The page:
For property and financial matters, the Power of Attorney will specify when your ability to make decisions begins. It will either commence when the principal has impaired decision-making capacity or immediately (once you sign the document). If it commences immediately then you must only do things that the principal has asked you to do unless the principal has impaired decision-making capacity. If the principal later loses decision-making capacity then you are able to make decisions for them in relation to property and financial matters.
When can my principal no longer make decisions?
The principal has a right to take part in decisions affecting their life to the greatest extent reasonably possible. This means that you must support the principal to make a decision, rather than making it for them.
If you are uncertain about whether your principal can make a particular decision, you should consult the principal’s treating doctors or a specialist to obtain their view.
What should I consider when making a decision for my principal?
If you are required to make a decision, you must try to make the decision that the principal would have made in the circumstances. Accordingly, when making the decision you should consider:
- Any wishes or directions given to you by the principal in the Power of Attorney document.
- Any directions given to you in an Advance Health Care Directive (or other similar document).
- Any wishes that the principal has previously discussed with you.
- What is in the best interests of the principal.
Do I have to make decisions with anyone else?
If more than one person is appointed as an attorney for the principal the Power of Attorney will specify how decisions must be made by the attorneys. For example, this may be together or separately or that different attorneys may make decisions for different areas.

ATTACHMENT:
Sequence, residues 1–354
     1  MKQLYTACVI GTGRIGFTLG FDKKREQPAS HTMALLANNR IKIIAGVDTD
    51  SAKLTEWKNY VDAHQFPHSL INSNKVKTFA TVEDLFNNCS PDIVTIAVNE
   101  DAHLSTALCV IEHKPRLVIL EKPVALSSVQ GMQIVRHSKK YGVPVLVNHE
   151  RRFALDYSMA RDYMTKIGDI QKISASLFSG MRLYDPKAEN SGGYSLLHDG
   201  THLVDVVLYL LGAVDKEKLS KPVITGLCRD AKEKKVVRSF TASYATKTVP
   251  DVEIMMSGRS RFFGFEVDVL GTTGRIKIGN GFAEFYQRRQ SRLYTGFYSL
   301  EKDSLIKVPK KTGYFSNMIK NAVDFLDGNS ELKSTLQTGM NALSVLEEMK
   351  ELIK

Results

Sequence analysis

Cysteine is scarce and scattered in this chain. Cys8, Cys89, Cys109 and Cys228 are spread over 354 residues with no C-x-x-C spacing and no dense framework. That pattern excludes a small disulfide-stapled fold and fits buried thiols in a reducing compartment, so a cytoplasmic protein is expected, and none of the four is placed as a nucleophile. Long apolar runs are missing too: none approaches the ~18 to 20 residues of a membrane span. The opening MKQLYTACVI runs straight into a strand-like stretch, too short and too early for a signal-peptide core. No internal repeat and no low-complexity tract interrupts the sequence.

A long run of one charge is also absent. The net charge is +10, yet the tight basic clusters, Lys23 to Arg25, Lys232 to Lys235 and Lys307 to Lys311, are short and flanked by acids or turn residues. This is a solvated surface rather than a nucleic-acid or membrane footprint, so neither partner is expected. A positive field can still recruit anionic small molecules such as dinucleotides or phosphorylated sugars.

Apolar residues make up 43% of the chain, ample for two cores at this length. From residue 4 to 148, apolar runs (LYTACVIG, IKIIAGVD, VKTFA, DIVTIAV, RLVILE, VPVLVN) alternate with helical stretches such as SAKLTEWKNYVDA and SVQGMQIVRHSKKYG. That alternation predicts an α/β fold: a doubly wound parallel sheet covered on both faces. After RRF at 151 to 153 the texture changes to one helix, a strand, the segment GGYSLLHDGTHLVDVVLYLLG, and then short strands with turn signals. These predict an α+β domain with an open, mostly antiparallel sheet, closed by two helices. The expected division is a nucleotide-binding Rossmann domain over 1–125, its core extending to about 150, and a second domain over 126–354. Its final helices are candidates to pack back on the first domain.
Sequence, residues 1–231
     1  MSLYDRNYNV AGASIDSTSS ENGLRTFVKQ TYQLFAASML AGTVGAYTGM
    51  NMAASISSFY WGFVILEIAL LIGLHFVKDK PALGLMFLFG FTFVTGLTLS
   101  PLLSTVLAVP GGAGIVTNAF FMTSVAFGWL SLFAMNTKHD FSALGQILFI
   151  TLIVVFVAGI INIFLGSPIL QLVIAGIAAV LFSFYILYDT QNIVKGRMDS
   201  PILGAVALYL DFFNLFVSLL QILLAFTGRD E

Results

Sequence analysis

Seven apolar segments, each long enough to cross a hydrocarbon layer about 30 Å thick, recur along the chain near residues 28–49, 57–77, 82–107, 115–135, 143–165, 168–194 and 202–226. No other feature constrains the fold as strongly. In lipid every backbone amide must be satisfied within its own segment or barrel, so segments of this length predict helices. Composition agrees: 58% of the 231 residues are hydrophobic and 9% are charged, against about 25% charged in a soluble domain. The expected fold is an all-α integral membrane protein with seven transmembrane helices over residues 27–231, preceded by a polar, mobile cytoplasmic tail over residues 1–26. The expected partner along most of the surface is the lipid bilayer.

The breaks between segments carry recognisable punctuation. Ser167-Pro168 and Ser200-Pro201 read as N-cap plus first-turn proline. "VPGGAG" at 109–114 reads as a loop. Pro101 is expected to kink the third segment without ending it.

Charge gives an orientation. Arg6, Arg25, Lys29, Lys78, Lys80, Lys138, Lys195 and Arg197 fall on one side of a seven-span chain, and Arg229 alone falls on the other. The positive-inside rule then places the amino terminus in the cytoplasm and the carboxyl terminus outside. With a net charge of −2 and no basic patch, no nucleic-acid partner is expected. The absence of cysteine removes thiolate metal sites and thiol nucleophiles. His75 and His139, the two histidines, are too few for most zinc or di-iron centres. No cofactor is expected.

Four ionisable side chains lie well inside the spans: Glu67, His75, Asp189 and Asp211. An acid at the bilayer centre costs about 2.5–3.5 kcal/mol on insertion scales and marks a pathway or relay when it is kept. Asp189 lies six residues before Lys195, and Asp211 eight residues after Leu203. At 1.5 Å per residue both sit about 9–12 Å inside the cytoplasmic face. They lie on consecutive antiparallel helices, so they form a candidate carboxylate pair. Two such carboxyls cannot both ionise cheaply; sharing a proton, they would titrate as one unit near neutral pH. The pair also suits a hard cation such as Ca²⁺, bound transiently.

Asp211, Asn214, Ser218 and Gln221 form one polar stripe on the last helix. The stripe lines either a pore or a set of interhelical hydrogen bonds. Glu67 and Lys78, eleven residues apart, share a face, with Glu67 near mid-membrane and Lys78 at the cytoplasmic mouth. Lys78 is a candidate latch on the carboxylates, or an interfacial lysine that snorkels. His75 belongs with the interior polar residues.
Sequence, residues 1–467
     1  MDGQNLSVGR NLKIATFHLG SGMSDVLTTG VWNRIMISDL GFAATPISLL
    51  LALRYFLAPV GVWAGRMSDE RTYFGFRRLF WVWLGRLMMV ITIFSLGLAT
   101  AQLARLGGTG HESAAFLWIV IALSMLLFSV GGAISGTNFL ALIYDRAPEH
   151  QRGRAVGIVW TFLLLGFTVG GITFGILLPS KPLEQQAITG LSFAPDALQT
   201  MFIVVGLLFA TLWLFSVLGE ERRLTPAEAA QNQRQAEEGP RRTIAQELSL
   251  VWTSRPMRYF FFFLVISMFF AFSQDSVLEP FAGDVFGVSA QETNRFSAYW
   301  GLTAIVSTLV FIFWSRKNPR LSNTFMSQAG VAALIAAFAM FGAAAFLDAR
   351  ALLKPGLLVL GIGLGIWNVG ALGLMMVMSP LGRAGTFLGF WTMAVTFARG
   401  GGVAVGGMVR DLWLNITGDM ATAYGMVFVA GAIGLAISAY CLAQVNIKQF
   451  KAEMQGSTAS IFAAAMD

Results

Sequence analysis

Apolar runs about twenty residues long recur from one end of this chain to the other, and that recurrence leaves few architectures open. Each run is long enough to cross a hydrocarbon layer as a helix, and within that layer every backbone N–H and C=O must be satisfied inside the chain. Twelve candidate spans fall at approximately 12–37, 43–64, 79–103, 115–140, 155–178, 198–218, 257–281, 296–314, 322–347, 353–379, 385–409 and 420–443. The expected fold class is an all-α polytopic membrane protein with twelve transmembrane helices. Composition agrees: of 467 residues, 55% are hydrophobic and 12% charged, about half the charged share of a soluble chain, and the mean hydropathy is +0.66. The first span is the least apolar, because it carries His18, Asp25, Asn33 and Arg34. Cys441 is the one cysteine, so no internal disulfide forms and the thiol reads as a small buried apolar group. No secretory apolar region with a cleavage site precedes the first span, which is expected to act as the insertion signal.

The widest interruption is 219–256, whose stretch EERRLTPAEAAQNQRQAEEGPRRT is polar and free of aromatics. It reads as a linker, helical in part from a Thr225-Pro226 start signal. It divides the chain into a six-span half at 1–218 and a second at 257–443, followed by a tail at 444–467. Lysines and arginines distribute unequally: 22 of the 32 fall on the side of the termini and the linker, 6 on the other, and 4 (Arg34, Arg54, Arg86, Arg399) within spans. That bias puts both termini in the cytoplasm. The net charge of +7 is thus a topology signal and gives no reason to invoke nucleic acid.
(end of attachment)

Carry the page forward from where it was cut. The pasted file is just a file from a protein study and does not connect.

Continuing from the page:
When do I stop making decisions?
Your role as an attorney ends if the Power of Attorney is revoked (or cancelled) by the principal (as long as the principal maintains decision-making capacity). A principal who revokes a Power of Attorney must take all reasonable steps to tell all attorneys affected by the revocation.
A Power of Attorney can also be fully or partially revoked by changes in an attorney’s circumstances, or those of your principal. This can include making a new Power of Attorney, losing capacity, marriage, separation or divorce, bankruptcy, or death. The Power of Attorney can also cease to have effect according to its terms.
It is recommended you seek legal advice if you are an attorney who believes their appointment may have been revoked, or if any of the above changes in circumstances have occurred.
What happens if I do not properly perform my role as an attorney?
There can be very serious consequences if you fail to comply with your obligations as an attorney. For example, you might be subject to criminal or civil proceedings and required to compensate your principal for any loss they suffer.
Where can I get more information?
If you are unsure about your obligations as an attorney or the effect of an Power of Attorney, we recommend you get your own legal advice about the document.
You can contact the ACT Law Society if you need a referral to a lawyer who practises in this area.
This publication is intended as a simple guide. It is not, and must not be taken to be, legal advice. For legal advice please consult a solicitor. While every care has been taken to ensure the accuracy of the information contained in this publication, the ACT Law Society does not make any representations or warranty as to the accuracy of the material in the publication. The publication has been written according to the applicable laws in Australia relevant to a resident of the Australian Capital Territory as at March 2020.